Pride used to be a thing of conflict in our house. My husband went to the main London parade each year, but I never really saw the point. I was out, I was accepted, I wasn’t facing any discrimination at work or in my community - what was the point of me going to Pride? I didn’t object to him, or anyone else, going, I just didn’t feel the need to go myself.That never stopped him trying to change my mind.
A few years ago, he toddled off to Pride on his own again after I’d resisted his annual request for me to go too. I happily settled down for day, ordered pizza, and fired up the Xbox. At lunchtime that day I was lazily eating pepperoni and flicking through Facebook when I was shocked to discover a selfie of himself with Sir Ian McKellen – one of my absolute heroes. Apparently my husband had known this had been arranged FOR WEEKS, but he’d forgotten to tell me. People have divorced on less grounds.
Of course, the following year, I had to swallow my pride and go.My opinion of Pride was changed in an instant.
I was struck by two things. The first was the overwhelmingly positive emotion that emanated from everyone – I’ve rarely experienced such a powerful and enormous wave of love and joy like I did that day, and that feeling will live with me forever. The second was how in-yer-face the diversity was.Every nuance of that LGBTQ+ rainbow flag was proudly on display, celebrated, and embraced. As a boy who grew up in a small northern town in the 80s, where people didn’t talk about such things, I finally understood why Pride is so important. And I still hadn’t met Sir Ian.
In the arts, however, I have often questioned whether that diversity is as celebrated, as visible, as embraced as it was at Pride that day. I question whether the LGBTQ+ characters and stories we create and portray – whether in plays, films, or novels - are as diverse as we actually are. I question why the only gay men I see being represented on screen or stage are the pretty ones, or the sassy ones, or the camp ones. That’s not to say that pretty, sassy, or camp gay men shouldn’t be represented – they absolutely should – but where is everyone else?Where are the older LGBTQ+? The introverted? The outsiders? Why aren’t their stories, and every other nuance of our vast diverse community, being explored and represented in our art forms?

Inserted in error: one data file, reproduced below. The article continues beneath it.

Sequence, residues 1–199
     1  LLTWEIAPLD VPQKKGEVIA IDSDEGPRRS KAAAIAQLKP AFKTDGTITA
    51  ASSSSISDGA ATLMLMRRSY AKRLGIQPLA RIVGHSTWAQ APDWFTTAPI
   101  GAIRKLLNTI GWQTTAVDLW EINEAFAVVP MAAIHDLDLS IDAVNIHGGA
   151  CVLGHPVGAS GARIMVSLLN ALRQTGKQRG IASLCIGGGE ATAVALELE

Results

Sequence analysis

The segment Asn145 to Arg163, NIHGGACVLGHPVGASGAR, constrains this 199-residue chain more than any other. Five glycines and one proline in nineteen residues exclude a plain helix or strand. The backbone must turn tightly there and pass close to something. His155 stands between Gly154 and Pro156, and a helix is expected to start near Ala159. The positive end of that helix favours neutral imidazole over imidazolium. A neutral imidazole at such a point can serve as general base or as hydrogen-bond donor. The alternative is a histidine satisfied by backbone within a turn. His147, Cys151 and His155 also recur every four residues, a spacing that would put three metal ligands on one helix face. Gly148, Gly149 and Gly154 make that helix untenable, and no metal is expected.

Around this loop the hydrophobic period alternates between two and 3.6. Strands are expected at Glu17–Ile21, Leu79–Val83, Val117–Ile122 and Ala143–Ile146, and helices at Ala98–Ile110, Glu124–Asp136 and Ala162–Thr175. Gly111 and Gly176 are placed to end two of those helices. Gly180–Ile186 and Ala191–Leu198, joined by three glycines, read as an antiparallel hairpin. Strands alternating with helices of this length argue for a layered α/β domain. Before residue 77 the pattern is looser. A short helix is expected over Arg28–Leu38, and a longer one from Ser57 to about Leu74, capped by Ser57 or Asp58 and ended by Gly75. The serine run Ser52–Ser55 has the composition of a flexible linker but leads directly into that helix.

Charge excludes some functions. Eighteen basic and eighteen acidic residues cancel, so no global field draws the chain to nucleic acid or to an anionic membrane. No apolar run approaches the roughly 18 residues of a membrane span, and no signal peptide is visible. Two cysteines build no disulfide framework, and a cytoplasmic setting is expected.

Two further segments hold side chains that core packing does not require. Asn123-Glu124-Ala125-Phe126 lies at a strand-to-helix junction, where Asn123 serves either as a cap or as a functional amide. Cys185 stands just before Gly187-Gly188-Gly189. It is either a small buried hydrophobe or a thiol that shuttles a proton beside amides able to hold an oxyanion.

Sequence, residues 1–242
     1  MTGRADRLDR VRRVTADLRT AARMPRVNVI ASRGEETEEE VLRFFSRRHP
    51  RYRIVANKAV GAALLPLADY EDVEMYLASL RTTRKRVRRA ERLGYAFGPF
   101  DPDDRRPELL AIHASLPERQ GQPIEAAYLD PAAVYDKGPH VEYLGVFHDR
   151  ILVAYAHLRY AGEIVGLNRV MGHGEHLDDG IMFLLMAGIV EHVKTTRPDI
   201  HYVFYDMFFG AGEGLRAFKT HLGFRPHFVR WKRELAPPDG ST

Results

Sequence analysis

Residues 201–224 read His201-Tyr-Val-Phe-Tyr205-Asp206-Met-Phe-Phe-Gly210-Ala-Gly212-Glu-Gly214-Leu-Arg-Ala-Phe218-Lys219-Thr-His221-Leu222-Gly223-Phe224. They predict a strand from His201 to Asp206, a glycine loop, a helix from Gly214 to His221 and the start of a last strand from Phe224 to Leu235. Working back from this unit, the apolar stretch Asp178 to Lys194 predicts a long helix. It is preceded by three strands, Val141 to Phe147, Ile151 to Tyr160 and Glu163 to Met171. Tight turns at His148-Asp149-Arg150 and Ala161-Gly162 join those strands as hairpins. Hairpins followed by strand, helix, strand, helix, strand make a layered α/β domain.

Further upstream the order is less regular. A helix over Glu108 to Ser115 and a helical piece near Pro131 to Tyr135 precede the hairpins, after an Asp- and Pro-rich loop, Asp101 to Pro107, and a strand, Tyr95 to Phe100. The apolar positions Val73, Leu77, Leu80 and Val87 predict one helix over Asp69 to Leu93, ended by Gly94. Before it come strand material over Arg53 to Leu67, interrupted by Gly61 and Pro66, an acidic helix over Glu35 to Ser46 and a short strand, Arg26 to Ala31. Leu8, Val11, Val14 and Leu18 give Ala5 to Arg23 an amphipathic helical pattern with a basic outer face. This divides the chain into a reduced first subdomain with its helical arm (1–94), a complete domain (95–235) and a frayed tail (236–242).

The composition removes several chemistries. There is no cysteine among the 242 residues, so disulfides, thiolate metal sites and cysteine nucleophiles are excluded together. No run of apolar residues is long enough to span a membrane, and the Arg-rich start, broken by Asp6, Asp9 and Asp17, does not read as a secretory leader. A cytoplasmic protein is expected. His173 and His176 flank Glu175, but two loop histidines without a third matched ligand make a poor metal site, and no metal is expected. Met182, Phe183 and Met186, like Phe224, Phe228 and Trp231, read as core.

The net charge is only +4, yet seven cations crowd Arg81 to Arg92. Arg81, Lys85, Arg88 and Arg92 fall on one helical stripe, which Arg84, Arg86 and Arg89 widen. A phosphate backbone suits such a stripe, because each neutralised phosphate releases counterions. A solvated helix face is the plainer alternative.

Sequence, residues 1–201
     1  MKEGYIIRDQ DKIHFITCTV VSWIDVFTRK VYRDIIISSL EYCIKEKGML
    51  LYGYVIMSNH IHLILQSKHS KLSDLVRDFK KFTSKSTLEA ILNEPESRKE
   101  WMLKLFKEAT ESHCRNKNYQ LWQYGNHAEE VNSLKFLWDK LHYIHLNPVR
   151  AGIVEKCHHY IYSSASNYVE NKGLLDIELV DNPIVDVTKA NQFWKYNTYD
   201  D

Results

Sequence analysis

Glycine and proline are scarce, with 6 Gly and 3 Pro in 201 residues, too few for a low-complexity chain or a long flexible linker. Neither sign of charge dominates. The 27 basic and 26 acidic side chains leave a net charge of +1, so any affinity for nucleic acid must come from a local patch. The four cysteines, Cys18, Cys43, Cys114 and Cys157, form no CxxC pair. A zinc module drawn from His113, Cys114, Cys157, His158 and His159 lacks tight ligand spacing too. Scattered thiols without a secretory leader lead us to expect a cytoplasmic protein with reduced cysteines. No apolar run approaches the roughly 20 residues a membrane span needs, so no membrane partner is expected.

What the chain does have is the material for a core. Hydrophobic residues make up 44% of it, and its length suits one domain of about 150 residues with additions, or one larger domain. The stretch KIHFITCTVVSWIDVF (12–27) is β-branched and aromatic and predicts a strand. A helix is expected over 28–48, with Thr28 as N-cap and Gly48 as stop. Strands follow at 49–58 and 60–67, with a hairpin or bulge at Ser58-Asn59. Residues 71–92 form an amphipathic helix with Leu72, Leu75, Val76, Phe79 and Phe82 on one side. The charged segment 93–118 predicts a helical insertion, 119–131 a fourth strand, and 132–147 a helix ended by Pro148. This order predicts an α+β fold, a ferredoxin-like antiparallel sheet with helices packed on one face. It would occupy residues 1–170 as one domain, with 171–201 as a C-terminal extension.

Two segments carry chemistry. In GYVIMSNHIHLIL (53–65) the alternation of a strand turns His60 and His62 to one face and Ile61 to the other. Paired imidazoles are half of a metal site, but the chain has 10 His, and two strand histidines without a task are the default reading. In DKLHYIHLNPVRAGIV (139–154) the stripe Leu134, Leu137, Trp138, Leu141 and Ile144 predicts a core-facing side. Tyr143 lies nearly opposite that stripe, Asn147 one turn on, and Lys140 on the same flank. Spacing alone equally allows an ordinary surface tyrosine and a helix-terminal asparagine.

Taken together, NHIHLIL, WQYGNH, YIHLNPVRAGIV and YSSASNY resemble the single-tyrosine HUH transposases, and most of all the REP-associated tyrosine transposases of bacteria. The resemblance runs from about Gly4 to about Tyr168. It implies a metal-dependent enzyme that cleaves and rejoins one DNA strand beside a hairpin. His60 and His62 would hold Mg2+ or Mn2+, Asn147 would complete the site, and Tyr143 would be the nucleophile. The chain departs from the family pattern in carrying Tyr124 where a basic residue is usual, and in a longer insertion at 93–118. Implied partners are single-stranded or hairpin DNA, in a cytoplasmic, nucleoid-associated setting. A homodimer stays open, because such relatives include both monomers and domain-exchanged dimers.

They absolutely should be.
I recently watched the film “The Greatest Showman” after many friends went on about how great it was. I wasn’t entirely won over by the film, but I recognised something in it that I think people are connecting with. It’s a film that celebrates difference and diversity. It confidently portrays people who don’t fall into the pretty young thing category and gives them value. It celebrates all people, whoever they are, wherever they are, whatever they are. So little else in film and theatre does this, and I think that’s why the film resonates. In the mainstream arts we rarely see anything like this, and, sadly, this is equally true in the way we represent LGBTQ+ people. Pretty. Sassy.Camp. Everyone else; hide at the back, keep quiet, you’re not as important.
Ultimately, this has to be what Pride challenges and corrects. We must continue to celebrate individuality and diversity within the LGBTQ+ community. We must take pride in who we are and not allow others to take our pride from us because we don’t fit their narrow worldview. LGBTQ+ artists must endeavor to represent all of us, because this empowers us, and others, to be confident in who we really are.
That’s what Pride is to me. Celebrating all our value. Reminding us that we are all unique. Telling the world that all our stories are important.
And although I still haven’t met Sir Ian, I’m totally won over.
Voice also interviewed Ian Tucker-Bell regarding his new play Trans Pennine, and you can read it here.